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Get Real movie review

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Get Real

With all fairness to 'Get Real,' the film is categorized in an exclusive group of cinematic oddball films that focus on homosexual life up close and personal. Maybe in five years time these films will be common and widely received, but not just yet. This means that before a cinema patron purchases a ticket, before any popcorn can be digested, and even before internet critics can put finger to keyboard, this film is part of a vocal minority -- like it or lump it.

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Surely, it bears some trademarks of a "special" film, with performances that unwind with a discerning realism and a story that unfolds with a dry and partly witty approach to the subject of forbidden love. That forbidden love is of course based around a gay intimacy. But it might as well have been forbidden love between a man and a woman or a New Zealander and a sheep -- once the plot lines are drawn, it's not difficult to predict where this cheeky little film is heading, and it's clear that it is not going to shut up until it speaks what is on its mind. Conveniently, and close to the film's completion, its central character is surrounded by his friends, family and colleagues, who are willing but unprepared to hear his Shocking Announcement. Try and guess what it is.

If that's missing the point, then I've suffered the side effects of a coming out of the closet story that left me cold.

Remarkably, with his sympathetic portrayal of a seemingly innocent adolescent, Simon Shore evokes the kind of feeling that a negative review of 'Get Real' would be far more unjust than a positive review -- it seems to me that it is in our current social agenda that these films deserve to be liked and seen. And maybe they do. Where Shore makes his mistake is in the way he tells his story, allowing 'Get Real' to unfold like a conventional romance when it is certainly not. Again, maybe in five years time this will change and our conventions will not replica their current state. But for now, directors still need to push the boundaries and distort and twist and take risks and make us squirm -- remember Head On? -- anything but surrender to normality. There are enough average heterosexual romances without adding average homosexual romances to the tally.

The phrase "I am gay" seems almost fashionable in the media now, as if the only homosexuals out there are cross-dressers or Big Gay Al's or well dressed gentlemen who quote Shakespeare and deliver witty remarks with impeccable timing. 'Get Real' works best at deconstructing this image of homosexuality as a painless social phase, brought on by the likes of Ellen DeGeneres and Elton John and Molly Meldrum. It might be a great life for these celebrities, showered with money and fame, but not so for the little guys at the bottom who will never make it that high up the social hierarchy. And so the presence of gay life in 'Get Real' is far from tabloid, it's public, although it compares more readily to a secret society than a sexual preference in this circumstance. A toilet in a public park is where Ben (Ben Silverstone) meets other guys, in a typically sleazy manner, and Simon Shore wants maximum ironical effect by playing "Love is all around me" in the background.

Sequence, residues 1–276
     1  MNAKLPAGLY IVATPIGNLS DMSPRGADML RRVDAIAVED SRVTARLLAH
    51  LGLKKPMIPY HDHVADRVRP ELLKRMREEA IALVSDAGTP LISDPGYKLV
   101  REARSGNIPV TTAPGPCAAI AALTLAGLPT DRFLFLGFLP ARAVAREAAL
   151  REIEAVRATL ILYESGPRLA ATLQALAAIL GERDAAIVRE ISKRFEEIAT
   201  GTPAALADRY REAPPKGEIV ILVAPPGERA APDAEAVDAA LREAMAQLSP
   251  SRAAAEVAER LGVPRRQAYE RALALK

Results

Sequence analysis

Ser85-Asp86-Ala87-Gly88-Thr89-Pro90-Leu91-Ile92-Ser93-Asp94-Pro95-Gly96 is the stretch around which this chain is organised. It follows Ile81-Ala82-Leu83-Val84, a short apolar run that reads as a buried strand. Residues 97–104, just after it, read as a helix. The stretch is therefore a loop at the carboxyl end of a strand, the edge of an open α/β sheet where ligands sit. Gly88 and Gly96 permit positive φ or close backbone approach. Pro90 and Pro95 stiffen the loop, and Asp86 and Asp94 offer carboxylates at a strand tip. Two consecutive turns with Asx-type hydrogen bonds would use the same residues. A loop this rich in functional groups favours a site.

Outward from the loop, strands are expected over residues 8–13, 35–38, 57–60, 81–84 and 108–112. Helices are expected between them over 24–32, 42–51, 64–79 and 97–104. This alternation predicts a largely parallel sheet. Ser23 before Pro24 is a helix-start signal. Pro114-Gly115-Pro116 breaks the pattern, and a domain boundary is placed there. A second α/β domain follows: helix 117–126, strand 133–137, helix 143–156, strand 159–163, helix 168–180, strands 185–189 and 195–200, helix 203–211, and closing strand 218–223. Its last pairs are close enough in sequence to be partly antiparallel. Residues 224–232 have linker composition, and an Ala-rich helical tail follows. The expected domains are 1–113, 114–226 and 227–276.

The deconstruction of homosexuality as a social fable or a phase is a worthwhile concept for a film, and if 'Get Real' has the footwork of a great film, then Shore didn't get it quite right first time around. It obtains the realistic angle intended but says little for creativity -- perhaps a hint that it might work better in its original format as a play.

On the Buckmaster scale of 0 stars (bomb), to 5 stars (a masterpiece): 2 stars

Send your comments or review Luke Buckmaster
Review copyright Luke Buckmaster Read more of my reviews at In Film Australia http://infilmau.iah.net
Due for Australian release February 24, 2000 in Melbourne, Sydney and Adelaide, and March 24 in Brisbane
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Just the facts:

Title: Get Real (1999)
Written by: Patrick Wilde, based on his play "What's Wrong with Angry?"
Directed by: Simon Shore
Produced by: Stephen Taylor
Director of Photography: Alan Almond
running time:

The Players: Ben Silverstone, Brad Gorton, Charlotte Brittain, Stacey Hart, Kate McEnery, Patrick Nielsen, Tim Harris, Jacquetta May, David Lumsden
Official website:
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